We are often influenced by the people we love and respect, and certainly that has been true for me. As a 6- or 7-year-old child, I remember having a conversation with my father about careers. I was devoted to my Dad; he was a pilot and so, as a young child, I wanted to be a pilot, too. At the time, most of the pilots I saw around me were men, so I asked him, “Can I even be a pilot since I’m a girl?” “Well,” he said “you can be absolutely anything you want to be. You can be President of the country if that’s what you want to be.” Now, many years later, I am much older and have my own daughter, and I realize how important it was for me to hear those words as an impressionable young child. It made me believe that if I worked hard, I could achieve my goals, whatever they may be.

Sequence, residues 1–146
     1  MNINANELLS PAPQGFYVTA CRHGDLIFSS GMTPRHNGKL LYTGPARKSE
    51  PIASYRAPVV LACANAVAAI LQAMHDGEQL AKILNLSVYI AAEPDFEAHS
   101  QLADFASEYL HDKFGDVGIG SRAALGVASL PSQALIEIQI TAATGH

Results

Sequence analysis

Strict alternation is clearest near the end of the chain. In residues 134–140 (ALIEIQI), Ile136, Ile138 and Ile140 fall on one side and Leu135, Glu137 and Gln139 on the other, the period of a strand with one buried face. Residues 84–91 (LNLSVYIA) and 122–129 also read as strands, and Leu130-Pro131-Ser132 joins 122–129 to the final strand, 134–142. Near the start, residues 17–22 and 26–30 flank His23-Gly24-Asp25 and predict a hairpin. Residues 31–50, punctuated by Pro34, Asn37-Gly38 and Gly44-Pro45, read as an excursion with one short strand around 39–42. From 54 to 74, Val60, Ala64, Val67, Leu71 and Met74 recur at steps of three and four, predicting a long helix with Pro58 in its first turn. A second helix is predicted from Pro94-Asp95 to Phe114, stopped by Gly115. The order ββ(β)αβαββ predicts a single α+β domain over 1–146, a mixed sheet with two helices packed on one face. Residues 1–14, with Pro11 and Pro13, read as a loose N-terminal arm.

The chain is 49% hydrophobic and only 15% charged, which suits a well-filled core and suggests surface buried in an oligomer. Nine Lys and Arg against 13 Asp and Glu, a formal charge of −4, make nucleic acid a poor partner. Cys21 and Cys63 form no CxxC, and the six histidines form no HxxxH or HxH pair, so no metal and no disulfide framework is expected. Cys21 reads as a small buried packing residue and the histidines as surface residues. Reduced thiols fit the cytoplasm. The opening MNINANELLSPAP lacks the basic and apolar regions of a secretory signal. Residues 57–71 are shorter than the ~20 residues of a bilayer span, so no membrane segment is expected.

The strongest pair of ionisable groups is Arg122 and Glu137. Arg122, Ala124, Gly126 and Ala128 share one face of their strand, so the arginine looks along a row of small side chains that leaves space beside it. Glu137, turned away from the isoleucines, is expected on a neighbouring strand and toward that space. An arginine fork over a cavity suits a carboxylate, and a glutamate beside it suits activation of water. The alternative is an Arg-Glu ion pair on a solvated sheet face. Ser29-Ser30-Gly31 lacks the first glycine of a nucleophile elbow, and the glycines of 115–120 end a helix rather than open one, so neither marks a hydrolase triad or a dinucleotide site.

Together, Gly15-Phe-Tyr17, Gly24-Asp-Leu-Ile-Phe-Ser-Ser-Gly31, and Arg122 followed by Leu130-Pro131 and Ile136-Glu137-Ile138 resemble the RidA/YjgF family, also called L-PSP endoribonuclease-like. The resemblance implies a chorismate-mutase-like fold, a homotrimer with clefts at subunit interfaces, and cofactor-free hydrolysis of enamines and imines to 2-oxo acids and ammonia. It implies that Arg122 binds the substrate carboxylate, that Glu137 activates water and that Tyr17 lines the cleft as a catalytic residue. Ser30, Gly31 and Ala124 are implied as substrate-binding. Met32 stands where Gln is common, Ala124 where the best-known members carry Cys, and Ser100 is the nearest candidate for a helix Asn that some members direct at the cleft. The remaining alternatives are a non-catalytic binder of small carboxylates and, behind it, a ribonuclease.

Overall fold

As I grew, I began to enjoy science, I loved how specific and accurate it was. If you studied and you understood the material you could excel because facts were facts. Writing and history were interesting, too, but they were much more subjective and depended on whether the teacher appreciated your writing style or felt things could be worded differently. I had a fantastic biology teacher, and I became fascinated by how complicated ,yet elegant, the human body was. We studied the workings of the “inner ear” in seventh grade as well as Mendel’s genetics and many other things, and I remember thinking that this was just the most interesting thing I had ever read about. As I learned more, I realized that while facts were indeed facts, there were still many things we didn’t actually know everything about. There was a lot more work to be done to figure out how exactly one cell signaled information to another cell within the body, or why specific mutations arose, or how cancer progressed in the body.